Yet it isn't hard to imagine how a movie based solely on such criticismwould quickly turn monotonous, not least because the lead charactershere are all political/ Government figures – among them, HirokiHasegawa's outspoken and gutsy Deputy Chief of Cabinet Secretary RandoYaguchi, Yutaka Takenouchi's opportunistic Aide to the Prime MinisterHideki Akasaka, and Satomi Ishihara's Special Envoy for the UnitedStates Kayoko Ann Patterson – and each is defined only in terms of hisor her role and ambition in relation to the ongoing calamity. None toosubtle is the point, emphatically and unequivocally made, that whilepoliticians wield the ingenuity and authority it takes to manage anunprecedented catastrophe, each is also simultaneously weighting thecost or opportunity of every decision or maneuver to his or herpolitical futures.

Just as illuminating, especially to the Japanese, is the strengths orlimits of its military might post-WWII, seeing as how it has never yetseen the need to invoke the use of its Self-Defense Forces (SDF) orcall in the help of the US military under the US-Japan Security Treaty.Under the pretense of exterminating Godzilla, Anno's screenplayimagines what it would take not just for the SDF to be activated butalso how US intervention would likely come with some strings attached.How and if at all it is meant to play into the current Shinzo Abe'spush for an expansion of the SDF role is quite perceptively left up tothe audience's interpretation, but there is no doubting that theintroduction of the United Nations late into the film is meant todemonstrate how powerless nations not on its Security Council may be toresolutions passed by its five members on non-member countries.

Yes, if it isn't yet clear, there is no intent here to highlight thehuman dimension of such an event; rather, it is domestic politics aswell as the global world order that forms the basis of this re-incarnation of Godzilla. As a reboot, 'Shin Godzilla' starts on a cleanslate, beginning with an underwater disturbance that briefly makes itsway onto shore before going back out to sea, then returning as a muchmore highly evolved organism that grows and grows ever more fearsome.Fans though will not be disappointed – as with past iterations ofGodzilla, this latest version not only has the ability to radiatehighly destructive atomic rays from its dorsal fins, it also can setstreets of buildings ablaze by spewing fire out of its mouth. It doestake time to get used to the new 'ShinGoji' design, but rest assuredthat this beast is every bit as terrifying as it should be.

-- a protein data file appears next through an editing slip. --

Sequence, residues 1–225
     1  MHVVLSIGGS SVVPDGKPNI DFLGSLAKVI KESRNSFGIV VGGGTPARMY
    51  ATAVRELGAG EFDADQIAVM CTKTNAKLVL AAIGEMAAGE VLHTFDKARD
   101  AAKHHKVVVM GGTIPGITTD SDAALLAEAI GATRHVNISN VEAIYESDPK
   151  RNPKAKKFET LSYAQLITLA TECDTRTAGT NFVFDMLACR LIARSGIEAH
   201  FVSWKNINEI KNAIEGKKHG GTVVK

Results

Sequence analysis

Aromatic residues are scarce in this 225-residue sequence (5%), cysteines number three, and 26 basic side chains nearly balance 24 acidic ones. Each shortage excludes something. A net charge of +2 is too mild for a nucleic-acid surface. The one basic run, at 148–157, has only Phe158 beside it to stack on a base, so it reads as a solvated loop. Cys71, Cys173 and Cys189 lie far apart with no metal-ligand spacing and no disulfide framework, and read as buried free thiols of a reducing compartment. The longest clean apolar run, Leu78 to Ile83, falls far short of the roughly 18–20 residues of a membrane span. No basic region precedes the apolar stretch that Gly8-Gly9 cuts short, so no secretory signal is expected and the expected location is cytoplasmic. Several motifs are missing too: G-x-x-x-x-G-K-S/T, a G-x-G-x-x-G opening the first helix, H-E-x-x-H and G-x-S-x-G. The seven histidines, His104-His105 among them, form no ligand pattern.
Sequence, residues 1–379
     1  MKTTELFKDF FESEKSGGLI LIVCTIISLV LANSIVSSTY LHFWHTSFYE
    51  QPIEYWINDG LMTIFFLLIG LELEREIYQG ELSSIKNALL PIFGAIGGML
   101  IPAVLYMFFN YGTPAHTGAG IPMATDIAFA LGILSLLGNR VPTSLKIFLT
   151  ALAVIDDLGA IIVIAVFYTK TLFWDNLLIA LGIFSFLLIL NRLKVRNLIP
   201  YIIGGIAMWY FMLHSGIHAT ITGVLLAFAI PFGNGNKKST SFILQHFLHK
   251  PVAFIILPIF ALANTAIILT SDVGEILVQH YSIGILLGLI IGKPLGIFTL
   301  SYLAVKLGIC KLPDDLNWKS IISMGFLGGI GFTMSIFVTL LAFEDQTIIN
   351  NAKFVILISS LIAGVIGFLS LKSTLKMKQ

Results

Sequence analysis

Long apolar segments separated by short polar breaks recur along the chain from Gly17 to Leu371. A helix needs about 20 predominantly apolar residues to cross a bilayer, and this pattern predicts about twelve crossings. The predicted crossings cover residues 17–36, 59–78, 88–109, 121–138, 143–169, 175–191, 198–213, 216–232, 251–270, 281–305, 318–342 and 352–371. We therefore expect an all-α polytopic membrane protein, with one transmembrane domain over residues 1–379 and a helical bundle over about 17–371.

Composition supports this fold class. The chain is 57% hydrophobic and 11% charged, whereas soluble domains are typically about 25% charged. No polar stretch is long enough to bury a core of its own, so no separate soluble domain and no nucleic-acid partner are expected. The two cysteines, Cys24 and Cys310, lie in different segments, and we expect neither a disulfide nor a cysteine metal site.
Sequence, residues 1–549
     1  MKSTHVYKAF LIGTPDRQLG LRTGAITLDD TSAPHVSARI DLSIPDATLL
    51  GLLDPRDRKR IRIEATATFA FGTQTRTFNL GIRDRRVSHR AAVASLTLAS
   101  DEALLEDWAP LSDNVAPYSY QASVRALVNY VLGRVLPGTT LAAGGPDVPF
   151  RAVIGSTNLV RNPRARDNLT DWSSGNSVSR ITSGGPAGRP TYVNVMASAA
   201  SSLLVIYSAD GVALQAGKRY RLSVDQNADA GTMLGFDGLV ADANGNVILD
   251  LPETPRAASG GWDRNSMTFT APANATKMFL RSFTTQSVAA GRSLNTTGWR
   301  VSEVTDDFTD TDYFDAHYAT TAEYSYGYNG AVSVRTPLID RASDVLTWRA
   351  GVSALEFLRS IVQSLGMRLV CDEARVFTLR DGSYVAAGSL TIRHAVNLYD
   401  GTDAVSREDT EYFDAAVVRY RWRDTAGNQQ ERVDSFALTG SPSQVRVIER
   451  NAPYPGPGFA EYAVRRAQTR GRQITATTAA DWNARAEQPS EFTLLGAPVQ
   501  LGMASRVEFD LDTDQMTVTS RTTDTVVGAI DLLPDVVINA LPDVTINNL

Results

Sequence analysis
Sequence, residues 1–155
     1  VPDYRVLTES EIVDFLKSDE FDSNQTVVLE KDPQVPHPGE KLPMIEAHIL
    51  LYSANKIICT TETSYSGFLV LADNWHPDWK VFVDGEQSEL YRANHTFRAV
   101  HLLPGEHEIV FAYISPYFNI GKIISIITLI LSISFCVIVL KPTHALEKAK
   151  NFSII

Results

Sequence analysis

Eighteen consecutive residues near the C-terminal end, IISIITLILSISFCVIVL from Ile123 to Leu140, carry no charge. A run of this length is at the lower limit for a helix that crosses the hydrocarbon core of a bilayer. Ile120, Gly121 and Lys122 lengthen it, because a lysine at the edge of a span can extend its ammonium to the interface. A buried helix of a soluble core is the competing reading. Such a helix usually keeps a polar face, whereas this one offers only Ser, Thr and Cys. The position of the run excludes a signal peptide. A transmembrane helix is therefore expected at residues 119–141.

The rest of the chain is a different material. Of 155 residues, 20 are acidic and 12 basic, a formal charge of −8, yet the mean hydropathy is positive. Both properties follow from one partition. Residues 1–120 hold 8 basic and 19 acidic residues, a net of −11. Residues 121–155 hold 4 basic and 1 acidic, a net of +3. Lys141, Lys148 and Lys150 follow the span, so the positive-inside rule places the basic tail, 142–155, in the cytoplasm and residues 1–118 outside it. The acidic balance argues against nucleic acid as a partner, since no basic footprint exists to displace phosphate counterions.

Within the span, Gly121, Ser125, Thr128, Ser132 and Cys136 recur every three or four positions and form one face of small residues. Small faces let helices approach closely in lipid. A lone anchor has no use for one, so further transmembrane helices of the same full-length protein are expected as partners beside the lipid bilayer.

In fact, that palpable sense of fear is twofold – first, in tying theorigins of Godzilla to Japan's ignominious nuclear history; and second,in showing with utmost realism the wanton destruction of notablelandmarks in Tokyo by the monster. The former has to do as much withthe United States' alleged dumping of radioactive waste in Tokyo Bay inthe 1950s and 1960s as accusations of Japan's own disposal of toxic ashfrom the burning of Fukushima's nuclear waste into the same waters. Thelatter, on the other hand, sees entire districts in Tokyo ripped orflattened by Godzilla's rampage, impressively staged by co-director cumVFX supervisor Anno (also known for last summer's 'Attack of Titan')using a mix of old- fashioned puppetry and modern CGI. In particular,the combined US- Japan military assault on Godzilla along the banks ofthe Kano River and the finale in downtown Shinjuku is stunning,especially in imagining the magnitude of destruction that Godzillacould inflict on modern-day Japan.

Yet if the promotional materials have given the impression that 'ShinGodzilla' is an action-packed blockbuster like its most recentHollywood predecessors, you'll do best to temper those expectations.Sure, there are beautiful sequences of Godzilla wreaking havoc, butbecause the focus is on displaying different types of politicalpersonalities and their responses towards such a crisis of proportions,there is a lot of talking (as well as 'talking heads') throughout thefilm and especially in the beginning. By tapping into the paranoia,fear and frustration of their fellow Japanese following their ownrecent real-life crises, Anno and Higuchi have made a contemporary'Godzilla' that is sure to roar loud with their home crowd – and bythat count, this is as its Japanese title suggests, a new and trueincarnation as relevant as it is frightening.